Microbes eat their way to better concrete

September 22, 2004

Two South Dakota School of Mines and Technology researchers are creating living organisms that may provide a better way to seal cracks in concrete.

Dr. Sookie Bang, professor, Department of Chemistry and Chemical Engineering, and Dr. Venkataswamy Ramakrishnan, distinguished professor emeritus, Department of Civil and Environmental Engineering, are conducting the research. The two recently were awarded $51,601 in additional funding from the National Science Foundation to continue their work.

This is the second of a three-year project. During the current funding cycle, Bang and Ramakrishnan plan to develop genetically engineered microorganisms that can produce excess amounts of organic and inorganic biosealant.

"This microbial sealant is a smart material that is environmentally safer and economically more feasible than the currently available synthetic sealing materials," Bang said. "Our innovative approach introduces cutting-edge biotechnology in concrete crack remediation."

The microbes seal concrete surface cracks with their metabolic byproducts. That's already been done, so Bang and Ramakrishnan plan to use genetic engineering to create microbes that produce even more metabolic byproducts. The researchers will put the microbes through a wide range of concrete performance tests to measure the endurance and resistance of the repaired concrete to environmental changes.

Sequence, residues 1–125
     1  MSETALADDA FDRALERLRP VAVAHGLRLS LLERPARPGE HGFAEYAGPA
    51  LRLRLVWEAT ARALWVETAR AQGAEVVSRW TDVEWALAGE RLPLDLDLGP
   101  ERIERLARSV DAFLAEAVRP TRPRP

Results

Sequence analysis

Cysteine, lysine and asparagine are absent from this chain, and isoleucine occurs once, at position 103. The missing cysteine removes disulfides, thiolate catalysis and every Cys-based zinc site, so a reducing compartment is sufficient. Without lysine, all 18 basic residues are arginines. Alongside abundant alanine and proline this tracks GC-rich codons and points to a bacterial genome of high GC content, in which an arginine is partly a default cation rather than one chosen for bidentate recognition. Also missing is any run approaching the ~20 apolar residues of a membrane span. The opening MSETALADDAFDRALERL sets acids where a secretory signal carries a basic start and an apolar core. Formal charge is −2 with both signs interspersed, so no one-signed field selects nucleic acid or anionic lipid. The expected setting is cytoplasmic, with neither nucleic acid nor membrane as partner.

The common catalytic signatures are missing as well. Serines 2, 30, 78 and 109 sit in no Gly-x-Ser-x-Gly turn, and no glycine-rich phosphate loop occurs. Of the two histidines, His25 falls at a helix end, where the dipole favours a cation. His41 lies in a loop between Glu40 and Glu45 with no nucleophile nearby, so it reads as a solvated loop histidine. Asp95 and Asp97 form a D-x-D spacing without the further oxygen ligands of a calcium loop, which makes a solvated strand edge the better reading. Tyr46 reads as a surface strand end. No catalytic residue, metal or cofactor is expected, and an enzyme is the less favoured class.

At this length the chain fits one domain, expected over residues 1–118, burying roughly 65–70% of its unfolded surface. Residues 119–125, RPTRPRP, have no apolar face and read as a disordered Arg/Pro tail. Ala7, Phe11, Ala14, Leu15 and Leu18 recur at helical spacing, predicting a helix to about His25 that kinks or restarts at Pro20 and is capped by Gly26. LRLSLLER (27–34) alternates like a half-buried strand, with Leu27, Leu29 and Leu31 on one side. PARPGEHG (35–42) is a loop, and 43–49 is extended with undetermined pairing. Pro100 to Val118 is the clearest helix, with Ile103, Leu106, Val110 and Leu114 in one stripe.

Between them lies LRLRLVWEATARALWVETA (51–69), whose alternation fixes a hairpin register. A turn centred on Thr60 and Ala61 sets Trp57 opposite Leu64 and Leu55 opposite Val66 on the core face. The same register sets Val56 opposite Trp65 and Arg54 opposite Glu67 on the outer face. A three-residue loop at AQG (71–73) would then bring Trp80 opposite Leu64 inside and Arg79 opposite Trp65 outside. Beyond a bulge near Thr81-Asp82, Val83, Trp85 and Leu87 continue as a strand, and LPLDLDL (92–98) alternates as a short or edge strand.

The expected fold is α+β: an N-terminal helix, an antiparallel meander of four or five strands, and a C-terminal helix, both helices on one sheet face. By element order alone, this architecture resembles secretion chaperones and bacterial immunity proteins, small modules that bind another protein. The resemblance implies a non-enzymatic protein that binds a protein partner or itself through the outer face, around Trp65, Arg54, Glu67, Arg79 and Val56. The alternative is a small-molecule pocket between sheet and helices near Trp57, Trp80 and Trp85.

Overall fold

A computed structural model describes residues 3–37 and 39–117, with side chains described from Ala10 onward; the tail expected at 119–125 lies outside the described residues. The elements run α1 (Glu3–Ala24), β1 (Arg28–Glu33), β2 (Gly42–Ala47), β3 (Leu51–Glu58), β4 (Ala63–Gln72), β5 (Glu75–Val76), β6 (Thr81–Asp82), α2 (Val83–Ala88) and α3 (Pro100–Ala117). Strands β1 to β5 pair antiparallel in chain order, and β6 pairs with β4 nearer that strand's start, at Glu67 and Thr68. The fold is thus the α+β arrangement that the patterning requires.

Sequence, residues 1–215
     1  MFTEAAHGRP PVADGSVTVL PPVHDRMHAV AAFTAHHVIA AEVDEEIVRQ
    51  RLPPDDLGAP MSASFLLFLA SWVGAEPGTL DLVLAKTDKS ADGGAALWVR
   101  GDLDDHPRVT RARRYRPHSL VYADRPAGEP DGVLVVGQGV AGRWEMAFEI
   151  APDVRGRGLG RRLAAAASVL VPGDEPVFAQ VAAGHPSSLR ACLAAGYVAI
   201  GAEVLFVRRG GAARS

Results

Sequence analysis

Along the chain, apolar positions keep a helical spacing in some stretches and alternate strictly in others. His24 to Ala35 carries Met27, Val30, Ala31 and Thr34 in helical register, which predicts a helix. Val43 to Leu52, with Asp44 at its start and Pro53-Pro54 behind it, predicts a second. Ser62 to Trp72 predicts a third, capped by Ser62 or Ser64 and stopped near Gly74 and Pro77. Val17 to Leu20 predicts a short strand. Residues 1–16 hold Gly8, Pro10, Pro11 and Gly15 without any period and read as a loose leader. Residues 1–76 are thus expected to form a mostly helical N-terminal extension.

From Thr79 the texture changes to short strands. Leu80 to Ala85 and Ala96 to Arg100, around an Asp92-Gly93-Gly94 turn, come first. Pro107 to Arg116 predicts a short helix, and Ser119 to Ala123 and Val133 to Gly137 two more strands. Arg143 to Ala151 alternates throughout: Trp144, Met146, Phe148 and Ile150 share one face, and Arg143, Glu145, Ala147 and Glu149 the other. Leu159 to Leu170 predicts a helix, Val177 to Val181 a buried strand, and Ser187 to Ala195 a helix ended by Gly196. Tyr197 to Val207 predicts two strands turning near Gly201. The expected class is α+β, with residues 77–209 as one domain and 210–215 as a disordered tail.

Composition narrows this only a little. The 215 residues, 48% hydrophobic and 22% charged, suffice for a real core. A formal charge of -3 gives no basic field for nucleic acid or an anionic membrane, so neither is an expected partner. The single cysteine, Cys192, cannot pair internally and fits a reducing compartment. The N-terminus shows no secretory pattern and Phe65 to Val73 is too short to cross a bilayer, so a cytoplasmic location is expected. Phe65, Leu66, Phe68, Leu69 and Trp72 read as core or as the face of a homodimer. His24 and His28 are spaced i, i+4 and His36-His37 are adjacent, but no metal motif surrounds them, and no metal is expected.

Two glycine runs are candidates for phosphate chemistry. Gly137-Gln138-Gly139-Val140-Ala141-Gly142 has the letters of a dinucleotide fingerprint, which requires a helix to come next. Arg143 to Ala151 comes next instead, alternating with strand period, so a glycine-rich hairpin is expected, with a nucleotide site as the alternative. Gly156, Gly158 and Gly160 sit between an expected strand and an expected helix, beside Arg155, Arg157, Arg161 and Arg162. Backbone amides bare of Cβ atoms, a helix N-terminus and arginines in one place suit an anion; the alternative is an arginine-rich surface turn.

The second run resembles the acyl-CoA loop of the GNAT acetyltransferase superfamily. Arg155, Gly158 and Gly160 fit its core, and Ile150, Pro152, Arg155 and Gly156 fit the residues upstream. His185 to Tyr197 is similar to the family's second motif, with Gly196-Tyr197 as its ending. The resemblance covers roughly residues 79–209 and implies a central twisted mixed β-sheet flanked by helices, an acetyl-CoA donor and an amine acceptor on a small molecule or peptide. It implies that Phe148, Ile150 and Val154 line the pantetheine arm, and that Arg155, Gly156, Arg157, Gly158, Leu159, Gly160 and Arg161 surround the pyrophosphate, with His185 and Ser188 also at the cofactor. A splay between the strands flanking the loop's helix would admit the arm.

Beyond concrete reinforcement, these environmentally innocuous biological products can be used as a sealing or caulking agent for the gaps in building structures, bioremediation means to confine contaminated aquifers or subsurface soils through selective cementation, and possibly as a dust controller for surface soils.

The project also provides excellent research experiences for undergraduate and graduate students who are actively involved conducting research experiments, analyzing data, presenting their findings at conferences and preparing journal publications.

The research also offers potential economic development opportunities. If the research proves successful, "we will attempt to produce the microbial sealant in large scale to be commercially available in the future," Bang said.
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South Dakota School of Mines and Technology

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